I’m sure when most of you read a story about a professional athlete filing for bankruptcy, you think the same thing I do: How in the hell could a millionaire athlete blow through all of their cash? SPORTS ILLUSTRATED looked into the matter and found two big problems: reckless spending and bad investments. Very, very bad investments.
How bad? How about an inflatable raft meant to go under your sofa so that if a flood came, you could float to safety on your sofa? Or a mouth guard that claims to increase your performance by setting your jaw in an “optimal position“? It seems that for every Magic Johnson, who parlayed the money made from his playing days into a business empire, there are scores of athletes making P.T. Barnum sound like a prophet.
The article includes some sobering statistics: 78% of all NFL players are bankrupt or “under financial stress because of joblessness or divorce” within two years of retiring from football. And an estimated 60% of NBA players are “broke” within five years of retirement. Which explains why shows such as “Pros vs. Joes” can continue to recruit former star players to debase themselves and exploit their athletic achievements for nickels on the dollar.
The player in question who thought that floating sofas was a great investment idea was Angels OF Torii Hunter, who gave $70,000 to an apparent flim-flam man before being brought to his senses by Ed Butowsky, a managing partner at a Dallas wealth management firm who has been giving free “boot camps” to current and former athletes to help them remain financially solvent.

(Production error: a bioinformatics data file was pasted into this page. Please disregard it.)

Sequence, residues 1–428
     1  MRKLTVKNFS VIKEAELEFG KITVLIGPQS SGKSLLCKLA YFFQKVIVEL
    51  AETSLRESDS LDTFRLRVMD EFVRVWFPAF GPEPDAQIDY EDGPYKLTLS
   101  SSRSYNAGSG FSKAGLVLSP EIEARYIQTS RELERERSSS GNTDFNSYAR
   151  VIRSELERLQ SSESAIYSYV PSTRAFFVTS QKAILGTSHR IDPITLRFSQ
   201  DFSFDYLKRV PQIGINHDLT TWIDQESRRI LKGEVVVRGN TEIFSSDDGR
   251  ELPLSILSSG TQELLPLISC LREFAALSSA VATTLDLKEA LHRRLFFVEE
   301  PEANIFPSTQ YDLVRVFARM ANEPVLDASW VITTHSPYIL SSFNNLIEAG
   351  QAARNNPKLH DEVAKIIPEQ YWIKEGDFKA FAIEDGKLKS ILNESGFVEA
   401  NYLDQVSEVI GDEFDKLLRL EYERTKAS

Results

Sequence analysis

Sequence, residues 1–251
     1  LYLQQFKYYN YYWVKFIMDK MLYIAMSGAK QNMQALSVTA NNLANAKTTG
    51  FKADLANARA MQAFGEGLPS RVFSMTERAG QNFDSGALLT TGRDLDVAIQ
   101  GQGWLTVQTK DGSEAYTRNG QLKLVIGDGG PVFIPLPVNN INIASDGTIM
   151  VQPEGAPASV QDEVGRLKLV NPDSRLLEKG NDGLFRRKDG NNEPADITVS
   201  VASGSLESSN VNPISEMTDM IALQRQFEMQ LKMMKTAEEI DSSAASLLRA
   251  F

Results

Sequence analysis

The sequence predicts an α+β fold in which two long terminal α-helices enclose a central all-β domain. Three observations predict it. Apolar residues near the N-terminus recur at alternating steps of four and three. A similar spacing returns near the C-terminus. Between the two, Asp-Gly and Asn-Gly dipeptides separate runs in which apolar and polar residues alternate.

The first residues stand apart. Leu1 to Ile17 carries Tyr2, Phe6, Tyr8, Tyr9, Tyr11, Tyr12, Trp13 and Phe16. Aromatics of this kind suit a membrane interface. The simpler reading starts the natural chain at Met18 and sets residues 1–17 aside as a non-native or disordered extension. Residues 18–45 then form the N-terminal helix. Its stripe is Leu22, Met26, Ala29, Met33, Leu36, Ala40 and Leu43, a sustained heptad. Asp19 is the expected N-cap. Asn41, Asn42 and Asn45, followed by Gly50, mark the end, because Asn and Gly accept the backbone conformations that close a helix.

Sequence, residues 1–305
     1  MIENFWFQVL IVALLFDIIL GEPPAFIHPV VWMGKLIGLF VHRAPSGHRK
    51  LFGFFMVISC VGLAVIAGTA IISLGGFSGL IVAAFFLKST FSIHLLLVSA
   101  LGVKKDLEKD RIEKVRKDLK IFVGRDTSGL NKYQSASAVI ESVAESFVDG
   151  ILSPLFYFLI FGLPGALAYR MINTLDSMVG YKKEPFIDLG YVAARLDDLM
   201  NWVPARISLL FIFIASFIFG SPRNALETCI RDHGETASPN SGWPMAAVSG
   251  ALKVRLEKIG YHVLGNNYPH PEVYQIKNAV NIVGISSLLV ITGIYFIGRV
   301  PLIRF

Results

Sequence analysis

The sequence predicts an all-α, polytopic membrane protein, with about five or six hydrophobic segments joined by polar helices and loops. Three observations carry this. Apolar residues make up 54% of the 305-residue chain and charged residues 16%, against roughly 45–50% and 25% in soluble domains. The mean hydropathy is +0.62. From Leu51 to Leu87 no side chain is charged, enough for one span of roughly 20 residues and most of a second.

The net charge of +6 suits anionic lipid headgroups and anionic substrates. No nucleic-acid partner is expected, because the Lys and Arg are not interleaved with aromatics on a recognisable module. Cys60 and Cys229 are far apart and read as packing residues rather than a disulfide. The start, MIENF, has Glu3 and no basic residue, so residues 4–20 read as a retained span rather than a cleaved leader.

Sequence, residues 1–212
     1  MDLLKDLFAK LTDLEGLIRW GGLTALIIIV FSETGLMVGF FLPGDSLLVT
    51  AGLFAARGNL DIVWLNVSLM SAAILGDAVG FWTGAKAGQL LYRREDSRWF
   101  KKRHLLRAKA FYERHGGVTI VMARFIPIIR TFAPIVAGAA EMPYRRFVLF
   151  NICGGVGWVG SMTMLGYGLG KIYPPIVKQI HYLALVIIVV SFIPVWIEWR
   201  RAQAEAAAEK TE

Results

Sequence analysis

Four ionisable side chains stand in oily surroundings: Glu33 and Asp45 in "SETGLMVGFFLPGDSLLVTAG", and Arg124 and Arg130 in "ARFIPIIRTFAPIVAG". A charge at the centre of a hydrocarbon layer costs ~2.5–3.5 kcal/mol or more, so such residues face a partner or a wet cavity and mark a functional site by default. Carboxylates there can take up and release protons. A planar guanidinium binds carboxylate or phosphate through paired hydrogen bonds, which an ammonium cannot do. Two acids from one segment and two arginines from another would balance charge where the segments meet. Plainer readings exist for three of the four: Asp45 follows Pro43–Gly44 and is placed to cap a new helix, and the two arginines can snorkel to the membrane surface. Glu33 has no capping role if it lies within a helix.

Which is part of the problem: many athletes see their wealth as a chance to make a host of risky investments, hoping one of them will be the one that makes them big-time businessmen. Like Raghib “Rocket” Ismail, who blew through a good chunk of his Toronto Argonauts money with a series of lousy investments. Along with his current mouthpiece venture, other losers included:
- a Hard Rock Cafe-themed restaurant
- a music label
- a series of nationwide phone card dispensers
- a framed calligraphy store
But Ismail says that the mouthpiece, which claims to help athletes “physiologically perform at the highest level” by setting the jaw in a correct position, is a possible winner. After all, he can vouch for it since he used it in his playing career. So Rocket Ismail’s pro career is what he’s using as a baseline for “optimal”? I think we can add another investment in the loss column.